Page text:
Auto racing has reached a crossroads, but it's certainly not the first time the sport has been faced with decisions that could affect the future. Some of the issues don't go away-things like cost and safety. They must be repeatedly addressed-tailored to fit the situation with new ideas and innovations providing the incentive for change.

Change is seldom accepted without a fight. There are those who believe the status quo is working and will be working for the foreseeable future. It's those who look beyond the immediate view who can cast insight into the growth and development of the sport. You don't want to think about how to take a car into a corner when you've started to turn the wheel. It's something you need to understand before you get there.

While the major league series draw the lion's share of the attention, the short track series of the nation have had their time in the spotlight. Often, a short track series can come up with an idea, but, due to lack of resources and publicity, it never gets the credit. That's not the case of the American Speed Association, more commonly known as the ASA. This sanction has taken the idea of future development to the next level with innovative ideas that have run against the grain of the lockstep often seen. Just because an idea is working doesn't mean it couldn't work better.

The sanction really drew the attention of the racing world when it abandoned the stalwart carbureted engine in favor of the fuel-injected LS-1 engine from General Motors in the late '90s. ASA ordered 300 engines, which were built at the GM plant in Romulus, Michigan, then sent them to Lingenfelter Performance Engineering in Indiana. Each engine was modified with a more aggressive camshaft and stronger valve springs. A dry-sump oiling system was used as well for the racing application. The engines were tested and sealed, then sold to competitors. Dyno numbers showed the engines to hit 430 hp at 6,200 rpm, with 430 ft/lb of torque at 4,800 rpm. These engines were available for a fraction of the cost of the V-6 engines run in the series before the sealed engine arrived.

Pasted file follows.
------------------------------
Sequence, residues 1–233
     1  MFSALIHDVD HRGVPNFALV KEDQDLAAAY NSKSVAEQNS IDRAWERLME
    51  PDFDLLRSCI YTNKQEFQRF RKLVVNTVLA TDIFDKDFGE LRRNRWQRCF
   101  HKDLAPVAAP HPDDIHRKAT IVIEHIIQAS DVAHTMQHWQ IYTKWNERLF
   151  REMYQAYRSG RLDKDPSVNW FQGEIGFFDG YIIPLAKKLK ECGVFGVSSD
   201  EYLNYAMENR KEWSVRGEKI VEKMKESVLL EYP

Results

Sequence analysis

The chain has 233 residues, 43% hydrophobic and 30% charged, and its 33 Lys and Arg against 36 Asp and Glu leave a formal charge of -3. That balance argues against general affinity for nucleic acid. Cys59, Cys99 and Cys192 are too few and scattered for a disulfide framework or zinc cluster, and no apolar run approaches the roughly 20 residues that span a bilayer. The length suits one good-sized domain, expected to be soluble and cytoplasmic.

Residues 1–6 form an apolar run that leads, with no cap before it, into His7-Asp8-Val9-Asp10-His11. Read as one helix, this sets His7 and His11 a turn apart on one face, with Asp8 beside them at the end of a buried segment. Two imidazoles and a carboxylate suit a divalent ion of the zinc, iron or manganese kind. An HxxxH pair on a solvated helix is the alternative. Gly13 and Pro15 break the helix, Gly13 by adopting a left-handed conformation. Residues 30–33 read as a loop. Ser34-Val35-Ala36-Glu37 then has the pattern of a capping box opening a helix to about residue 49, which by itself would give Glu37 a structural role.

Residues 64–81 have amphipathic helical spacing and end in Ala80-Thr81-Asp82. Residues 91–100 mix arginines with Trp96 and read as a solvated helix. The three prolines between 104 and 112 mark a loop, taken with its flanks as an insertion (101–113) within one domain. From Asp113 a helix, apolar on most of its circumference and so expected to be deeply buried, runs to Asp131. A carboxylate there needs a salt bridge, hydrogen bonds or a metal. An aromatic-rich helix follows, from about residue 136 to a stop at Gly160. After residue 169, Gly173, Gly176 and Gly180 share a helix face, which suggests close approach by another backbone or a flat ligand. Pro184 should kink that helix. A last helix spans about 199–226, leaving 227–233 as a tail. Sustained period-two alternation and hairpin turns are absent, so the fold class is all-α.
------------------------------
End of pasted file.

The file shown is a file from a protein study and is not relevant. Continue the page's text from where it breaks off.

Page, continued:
Critics were skeptical of the engine's ability to perform up to the task of the rigors of high-speed oval track action. The critics were silenced years ago. Few failures were seen. Engines from the first race were still running well into the 21st century. GM has used its racing experience to make some changes in the production engines for increased durability, thanks to the ASA program.

The conventional wisdom for those on the upward path within the sport requires you to know all you can about the tires. While they were taken for granted in the early days of competition, tires have become a key element of racing, no matter the surface. For those aspiring to move up, it was believed that an intimate knowledge of one particular brand would hold a key to rapid success. When the ASA decided to investigate the use of a competing tire company, the naysayers again appeared to question the wisdom.

The ASA and BFGoodrich Tires (a division of Michelin Tire Company) worked together in the 2000 season to put the cars on radial tires. It marked BFGoodrich's foray into the sport of oval track racing, complementing the company's presence in other forms of racing.

The consistency of the tires has been a plus for the series. The tires for the 2003 season were the same as the previous years, with compound changes for two of the tracks on the series schedule. Most of the tracks on the schedule call for the medium compound tire for each side of the car. The high-banked tracks require a hard tire on the left side, and a high-banked model for the right side of the car.